Want a pair of tickets to see punk rock innovator Bob Mould? Just e-mail Ken Abrams at firstname.lastname@example.org by Monday, May 23 at 5PM. Just put “Mould tickets” in the subject line. We’ll pick two sets of winners to the concert at the Greenwich Odeum Thursday, May 26.
In the meantime, read our interview with Mould published earlier this week.
Bob Mould may not be an everyday name in popular music, however, he is frequently cited as a major influence on several well-known bands. In his case, acts like Nirvana, Soul Asylum, Foo Fighters and countless others have referenced Mould as a fundamental influence on their sound. We’ll call him a punk “influencer,” if there is such a thing.
Mould co-founded the seminal Minneapolis punk band Husker Du in 1979, back when “indie” bands were branded “underground.” The band was popular on college radio and played over-the-top live shows in dive bars, but never quite crossed over into the mainstream. He later formed Sugar, a band that saw modest success on the alt-radio charts in the mid-90s, with their debut album Copper Blue reaching #10 in the UK.
These days, Mould tours solo and is bringing his “Distortion and Blue Hearts” tour to the Greenwich Odeum Thursday, May 26. Be assured, however, this is no “guy and a guitar” show … there’s a lot of noise headed your way.
He’s played Providence in the past “a lot of Babyhead,” he noted in our interview, but this is his first time at the Odeum. He’s looking forward to coming back to RI.
“I love my work. I’ve loved music my entire life,” said Mould. “I was exposed to 60’s pop music as it was happening both on AM radio and through my late father purchasing used jukebox singles. Those were my toys as a young child. It only made sense that I would eventually end up making music.”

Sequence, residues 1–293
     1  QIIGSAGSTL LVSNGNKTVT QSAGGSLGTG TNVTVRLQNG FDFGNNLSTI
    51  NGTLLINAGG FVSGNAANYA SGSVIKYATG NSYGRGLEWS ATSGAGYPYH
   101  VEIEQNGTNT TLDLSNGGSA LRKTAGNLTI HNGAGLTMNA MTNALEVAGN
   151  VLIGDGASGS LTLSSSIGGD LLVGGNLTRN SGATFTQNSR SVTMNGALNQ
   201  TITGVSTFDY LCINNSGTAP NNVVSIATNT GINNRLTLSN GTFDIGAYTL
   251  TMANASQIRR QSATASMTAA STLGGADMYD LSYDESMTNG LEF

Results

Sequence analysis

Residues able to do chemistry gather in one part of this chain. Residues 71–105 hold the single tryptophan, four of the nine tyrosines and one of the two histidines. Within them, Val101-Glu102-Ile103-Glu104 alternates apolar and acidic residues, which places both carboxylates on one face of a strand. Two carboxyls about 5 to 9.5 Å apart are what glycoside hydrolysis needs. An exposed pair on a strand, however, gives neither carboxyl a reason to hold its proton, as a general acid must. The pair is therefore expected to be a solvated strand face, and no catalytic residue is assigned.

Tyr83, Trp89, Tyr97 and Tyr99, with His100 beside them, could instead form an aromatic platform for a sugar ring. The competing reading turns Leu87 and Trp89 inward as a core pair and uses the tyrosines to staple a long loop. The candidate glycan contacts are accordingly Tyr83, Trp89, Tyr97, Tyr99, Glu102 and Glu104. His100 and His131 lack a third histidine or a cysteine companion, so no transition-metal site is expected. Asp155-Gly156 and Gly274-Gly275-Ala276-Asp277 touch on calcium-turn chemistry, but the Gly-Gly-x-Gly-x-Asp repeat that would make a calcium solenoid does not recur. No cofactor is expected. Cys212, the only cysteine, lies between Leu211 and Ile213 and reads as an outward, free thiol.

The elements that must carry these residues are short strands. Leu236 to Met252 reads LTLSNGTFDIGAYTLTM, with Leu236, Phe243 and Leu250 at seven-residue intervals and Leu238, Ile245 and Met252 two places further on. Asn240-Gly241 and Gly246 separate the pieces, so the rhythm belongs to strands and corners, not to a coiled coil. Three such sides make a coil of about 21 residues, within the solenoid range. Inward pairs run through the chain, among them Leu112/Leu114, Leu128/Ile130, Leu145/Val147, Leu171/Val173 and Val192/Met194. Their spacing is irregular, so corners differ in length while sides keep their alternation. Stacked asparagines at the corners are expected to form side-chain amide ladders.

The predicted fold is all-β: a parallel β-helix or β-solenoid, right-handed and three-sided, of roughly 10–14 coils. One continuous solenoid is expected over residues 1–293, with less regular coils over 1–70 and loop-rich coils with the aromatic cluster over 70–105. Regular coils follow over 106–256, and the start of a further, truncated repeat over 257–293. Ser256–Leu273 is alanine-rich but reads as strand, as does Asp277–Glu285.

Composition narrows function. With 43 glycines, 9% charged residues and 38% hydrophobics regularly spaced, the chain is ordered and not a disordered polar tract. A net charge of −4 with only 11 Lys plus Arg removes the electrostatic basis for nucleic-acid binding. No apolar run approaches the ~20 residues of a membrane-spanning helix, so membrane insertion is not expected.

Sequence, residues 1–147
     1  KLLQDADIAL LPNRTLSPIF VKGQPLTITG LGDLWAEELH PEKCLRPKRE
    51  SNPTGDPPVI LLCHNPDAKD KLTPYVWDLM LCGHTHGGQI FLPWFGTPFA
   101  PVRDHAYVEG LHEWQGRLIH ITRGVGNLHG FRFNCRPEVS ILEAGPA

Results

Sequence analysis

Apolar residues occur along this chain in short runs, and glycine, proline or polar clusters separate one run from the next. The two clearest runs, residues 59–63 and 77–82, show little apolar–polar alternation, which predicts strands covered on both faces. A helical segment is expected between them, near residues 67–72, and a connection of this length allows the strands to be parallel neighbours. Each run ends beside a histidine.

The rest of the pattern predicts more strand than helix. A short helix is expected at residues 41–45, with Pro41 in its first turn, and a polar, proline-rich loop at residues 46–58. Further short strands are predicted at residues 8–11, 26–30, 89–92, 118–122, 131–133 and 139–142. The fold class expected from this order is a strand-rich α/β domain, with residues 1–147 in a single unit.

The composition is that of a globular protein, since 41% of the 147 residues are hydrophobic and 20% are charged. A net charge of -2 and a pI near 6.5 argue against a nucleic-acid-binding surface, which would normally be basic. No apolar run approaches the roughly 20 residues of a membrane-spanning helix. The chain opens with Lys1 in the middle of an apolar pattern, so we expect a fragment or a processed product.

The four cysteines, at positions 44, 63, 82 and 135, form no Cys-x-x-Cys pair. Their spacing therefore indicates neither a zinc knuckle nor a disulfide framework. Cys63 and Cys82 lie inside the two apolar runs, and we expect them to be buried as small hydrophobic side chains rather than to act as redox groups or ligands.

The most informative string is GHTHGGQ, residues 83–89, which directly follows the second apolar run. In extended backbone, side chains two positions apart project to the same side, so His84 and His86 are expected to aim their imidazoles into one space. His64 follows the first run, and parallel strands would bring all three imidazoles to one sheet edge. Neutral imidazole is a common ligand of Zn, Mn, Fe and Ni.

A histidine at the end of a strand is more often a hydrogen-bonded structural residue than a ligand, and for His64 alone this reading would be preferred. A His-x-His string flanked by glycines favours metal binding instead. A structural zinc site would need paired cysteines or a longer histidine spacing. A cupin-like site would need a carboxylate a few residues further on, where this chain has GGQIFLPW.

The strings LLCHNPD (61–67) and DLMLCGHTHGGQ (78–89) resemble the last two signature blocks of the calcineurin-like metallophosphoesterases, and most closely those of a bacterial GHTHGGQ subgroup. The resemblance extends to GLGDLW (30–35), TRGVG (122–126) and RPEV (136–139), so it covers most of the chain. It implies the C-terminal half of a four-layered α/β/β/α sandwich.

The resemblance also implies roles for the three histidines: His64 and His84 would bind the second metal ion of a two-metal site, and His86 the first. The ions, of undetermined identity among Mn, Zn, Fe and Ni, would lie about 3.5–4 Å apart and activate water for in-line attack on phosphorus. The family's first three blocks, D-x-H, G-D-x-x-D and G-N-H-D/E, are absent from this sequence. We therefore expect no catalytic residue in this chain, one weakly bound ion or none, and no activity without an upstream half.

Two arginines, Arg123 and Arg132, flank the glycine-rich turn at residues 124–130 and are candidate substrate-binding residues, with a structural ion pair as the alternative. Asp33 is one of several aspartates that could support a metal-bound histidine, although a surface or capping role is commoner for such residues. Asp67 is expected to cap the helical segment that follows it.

I was writing songs when I was eight, I didn’t know if kids were supposed to do that,” Mould continued. “I’m very grateful to still have the same job.
He shared a bit more about what inspired him when he was growing up.
“When I was a child, I picked up a sensibility for songwriting, for melody, for the structure of songs. Of course, The Beatles were larger than life, the Mamas and Papas were huge but very different from The Beatles. In the 60s, we didn’t know what The Beatles had for breakfast. There was no Instagram. There was mystique and mystery, around these gigantic characters who you only saw photographs of. It was a very different time, storytelling in the 60s was very different than storytelling in the 2020s.”
“Those are the impressions I remember as a child, that magical piece of plastic that spins around and tells these stories. It was very magical, very different than what we have now,” added Mould.
“As far as a punk ethos,” he continued, ”I would attribute that to the early wave of punk bands, whether it was The Ramones or Television or Patti Smith, or bands like the Sex Pistols, Buzzcocks or Joy Division. Those were the first wave of punk bands that I remember. By then, it was easier to find out what the message was, what it meant, and where it would reside culturally. Those were the bands and the ideas that showed me a path.”